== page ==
Former Nissan CEO Carlos Ghosn has been publicly fighting Japan’s charges of financial crimes against him since fleeing the country.
Ghosn repeatedly denied the charges against him and claimed that he was a victim of a corporate coup by other Nissan executives who were afraid that he might engineer a takeover by Renault.
He also claimed that he was a victim of Japan’s ancient hostage justice system in which suspects are held in harsh conditions for long periods to coerce a confession. He was arrested four times so that can detain him continuously. He spent 129 days in solitary confinement as part of his provisional detention and was interrogated so many times. The sessions lasted around five hours a day without the presence of his lawyers.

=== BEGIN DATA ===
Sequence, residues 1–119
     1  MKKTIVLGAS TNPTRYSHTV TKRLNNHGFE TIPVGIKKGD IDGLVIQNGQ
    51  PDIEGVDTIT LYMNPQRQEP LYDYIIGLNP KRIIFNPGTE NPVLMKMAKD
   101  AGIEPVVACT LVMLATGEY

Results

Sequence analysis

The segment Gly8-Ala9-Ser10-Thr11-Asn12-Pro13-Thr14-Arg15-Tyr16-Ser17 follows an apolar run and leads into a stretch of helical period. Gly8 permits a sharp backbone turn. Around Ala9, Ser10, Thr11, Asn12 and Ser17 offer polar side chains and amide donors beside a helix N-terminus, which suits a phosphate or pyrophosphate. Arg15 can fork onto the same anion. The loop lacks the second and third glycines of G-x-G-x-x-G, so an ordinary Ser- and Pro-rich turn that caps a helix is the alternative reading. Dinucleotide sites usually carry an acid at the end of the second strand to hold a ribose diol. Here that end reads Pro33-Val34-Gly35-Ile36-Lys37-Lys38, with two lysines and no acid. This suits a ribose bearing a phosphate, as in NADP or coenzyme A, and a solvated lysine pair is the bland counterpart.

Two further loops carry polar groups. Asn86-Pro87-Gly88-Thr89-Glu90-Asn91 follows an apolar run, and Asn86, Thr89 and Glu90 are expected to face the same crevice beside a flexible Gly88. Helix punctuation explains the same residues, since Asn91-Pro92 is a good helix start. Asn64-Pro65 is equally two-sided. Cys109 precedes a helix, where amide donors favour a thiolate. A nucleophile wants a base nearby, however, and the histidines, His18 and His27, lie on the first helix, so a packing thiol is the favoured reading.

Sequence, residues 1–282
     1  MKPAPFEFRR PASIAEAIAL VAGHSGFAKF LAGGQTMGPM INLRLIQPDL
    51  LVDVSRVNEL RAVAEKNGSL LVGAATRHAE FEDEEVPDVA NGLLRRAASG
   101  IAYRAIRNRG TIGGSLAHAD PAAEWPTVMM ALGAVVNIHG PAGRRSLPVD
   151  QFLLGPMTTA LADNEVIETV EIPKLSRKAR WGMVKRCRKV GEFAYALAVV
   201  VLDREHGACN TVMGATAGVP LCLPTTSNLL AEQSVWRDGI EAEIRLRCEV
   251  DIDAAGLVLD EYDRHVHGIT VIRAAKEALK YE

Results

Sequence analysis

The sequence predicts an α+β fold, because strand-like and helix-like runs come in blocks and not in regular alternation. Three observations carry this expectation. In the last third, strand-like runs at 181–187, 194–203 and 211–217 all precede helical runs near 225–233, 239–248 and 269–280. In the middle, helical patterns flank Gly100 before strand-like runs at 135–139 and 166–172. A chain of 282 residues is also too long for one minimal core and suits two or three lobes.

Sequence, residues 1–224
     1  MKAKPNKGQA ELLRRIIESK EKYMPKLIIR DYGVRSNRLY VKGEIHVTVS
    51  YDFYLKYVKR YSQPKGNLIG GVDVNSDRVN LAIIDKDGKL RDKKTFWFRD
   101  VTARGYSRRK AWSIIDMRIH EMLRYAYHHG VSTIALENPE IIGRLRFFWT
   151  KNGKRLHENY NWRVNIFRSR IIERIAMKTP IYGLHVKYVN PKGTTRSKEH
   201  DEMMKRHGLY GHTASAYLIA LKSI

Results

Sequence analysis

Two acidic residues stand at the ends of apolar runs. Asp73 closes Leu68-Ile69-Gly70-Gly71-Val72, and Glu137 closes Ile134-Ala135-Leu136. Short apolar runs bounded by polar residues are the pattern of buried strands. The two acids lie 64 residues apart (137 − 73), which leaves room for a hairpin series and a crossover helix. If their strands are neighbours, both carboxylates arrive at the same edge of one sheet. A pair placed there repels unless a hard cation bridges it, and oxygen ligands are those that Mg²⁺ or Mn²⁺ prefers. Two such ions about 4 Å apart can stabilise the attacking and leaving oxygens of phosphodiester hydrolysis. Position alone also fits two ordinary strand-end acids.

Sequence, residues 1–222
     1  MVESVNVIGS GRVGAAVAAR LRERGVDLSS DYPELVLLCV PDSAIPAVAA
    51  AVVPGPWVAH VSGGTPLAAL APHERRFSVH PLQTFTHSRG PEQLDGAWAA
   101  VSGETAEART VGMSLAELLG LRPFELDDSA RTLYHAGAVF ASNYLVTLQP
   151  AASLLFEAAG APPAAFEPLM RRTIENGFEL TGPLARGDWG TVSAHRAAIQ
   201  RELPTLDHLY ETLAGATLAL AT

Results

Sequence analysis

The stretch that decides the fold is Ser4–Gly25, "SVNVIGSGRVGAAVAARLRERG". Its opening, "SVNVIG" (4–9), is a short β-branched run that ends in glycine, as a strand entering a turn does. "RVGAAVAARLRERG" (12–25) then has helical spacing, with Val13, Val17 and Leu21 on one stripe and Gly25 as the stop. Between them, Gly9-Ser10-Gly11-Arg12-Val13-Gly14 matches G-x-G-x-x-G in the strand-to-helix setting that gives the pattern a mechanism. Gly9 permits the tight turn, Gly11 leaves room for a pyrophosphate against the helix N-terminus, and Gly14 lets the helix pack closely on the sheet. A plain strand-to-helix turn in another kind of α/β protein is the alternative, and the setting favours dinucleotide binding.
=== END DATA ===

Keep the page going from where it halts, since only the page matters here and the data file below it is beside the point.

His horrible situation prompted him to escape Japan to Lebanon and fight the lawsuit against him in the public arena.
Japanese authorities engage in “extrajudicial abuse of process”
On Monday, Ghosn got good news. A UN human rights group may have finally given him, some vindication, with its unanimous finding that his detention was “arbitrary.” Japanese authorities violated his human rights.